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Comedian Gilbert Gottfried dead at 67 after ‘long illness’

Gilbert Gottfried, pictured at the Tribeca Film Festival in April 2018. (Dimitrios Kambouris/Getty Images/Tribeca Film Festival)
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Comedian Gilbert Gottfried died Tuesday in Manhattan due to complications from myotonic dystrophy type 2, a form of muscular dystrophy, according to his friend and publicist Glenn Schwartz. Gottfried was 67.

Gottfried’s family shared the news of his death on Twitter that same day, citing “a long illness.”

“In addition to being the most iconic voice in comedy, Gilbert was a wonderful husband, brother, friend and father to his two young children,” the family’s statement reads. “Although today is a sad day for all of us, please keep laughing as loud as possible in Gilbert’s honor.”

Gottfried’s manager, Tommy Nicchi, said in a statement that “as an entertainer he was as close as you’ll find to a living legend.”

The comedian was known in part for his prolific voice work, including characters such as the parrot Iago in Disney’s animated “Aladdin” and the robot bird Digit in the PBS children’s show “Cyberchase.” He was also the voice of the Aflac Duck in insurance commercials years ago.

Gottfried lost the Aflac gig after joking about the catastrophic 2011 tsunami in Japan, a prominent instance of his often controversial sense of humor. He pushed the envelope in ways that could get him into trouble, such as when he joked about masturbation at the 1991 Emmy Awards or when he riffed on 9/11 just weeks after the fact. In 2005, Rolling Stone described him as “either the most brilliant man in comedy or the most repellent, depending on whom you ask.”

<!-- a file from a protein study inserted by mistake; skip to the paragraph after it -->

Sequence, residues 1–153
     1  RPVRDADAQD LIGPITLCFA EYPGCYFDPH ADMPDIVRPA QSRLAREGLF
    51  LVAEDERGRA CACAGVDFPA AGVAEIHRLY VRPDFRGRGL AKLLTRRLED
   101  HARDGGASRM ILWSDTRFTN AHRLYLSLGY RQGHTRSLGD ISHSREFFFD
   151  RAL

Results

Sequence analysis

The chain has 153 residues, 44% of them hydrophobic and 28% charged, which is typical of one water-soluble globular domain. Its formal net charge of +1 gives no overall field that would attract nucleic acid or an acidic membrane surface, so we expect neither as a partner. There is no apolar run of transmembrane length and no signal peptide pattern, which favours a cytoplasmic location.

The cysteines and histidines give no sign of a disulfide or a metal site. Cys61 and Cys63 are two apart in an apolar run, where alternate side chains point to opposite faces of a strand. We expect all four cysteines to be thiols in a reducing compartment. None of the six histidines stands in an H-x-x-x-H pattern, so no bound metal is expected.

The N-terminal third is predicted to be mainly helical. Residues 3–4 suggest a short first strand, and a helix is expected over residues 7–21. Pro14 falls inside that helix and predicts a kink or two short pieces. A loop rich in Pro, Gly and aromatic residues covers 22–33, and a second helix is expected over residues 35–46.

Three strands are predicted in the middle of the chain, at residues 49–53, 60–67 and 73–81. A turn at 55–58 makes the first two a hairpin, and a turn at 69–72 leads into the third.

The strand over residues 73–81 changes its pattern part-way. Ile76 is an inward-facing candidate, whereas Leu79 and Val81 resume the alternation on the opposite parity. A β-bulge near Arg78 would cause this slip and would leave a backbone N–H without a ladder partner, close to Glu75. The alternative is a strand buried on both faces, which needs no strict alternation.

Among comedians, Gottfried was beloved. Jason Alexander tweeted that Gottfried “made me laugh at times when laughter did not come easily. What a gift. I did not know him well but I loved what he shared with me.” Tiffany Haddish wrote, “This is a sad day.”

Actress Marlee Matlin referred to Gottfried on Twitter as “funny, politically incorrect but a softie on the inside,” recalling when he once pranked her on a plane by replacing her interpreter (Matlin is deaf). Others also noted specific memories of Gottfried: Bill Burr remembered seeing him do his Jackie Kennedy bit (“Jackie, do you remember where you were…”), while Jon Stewart described opening for Gottfried years ago as “one of the great thrills of my early stand up life.”

“He could leave you gasping for breath,” Stewart said. “Just indescribably unusually hilarious.”

Conan O’Brien recalled catching a set of Gottfried’s in 1985, when Gottfried walked out to applause and continued to thank the audience repeatedly for 10 minutes. “It was the nerviest, funniest thing I had seen,” O’Brien wrote. “So sorry to lose this sweet and delightfully funny man.”

In January, Gottfried shared a photo of himself alongside fellow comedians Bob Saget and Louie Anderson, both of whom had recently died, describing it as “very sad now.” Fans recirculated the image Tuesday in the wake of Gottfried’s own death.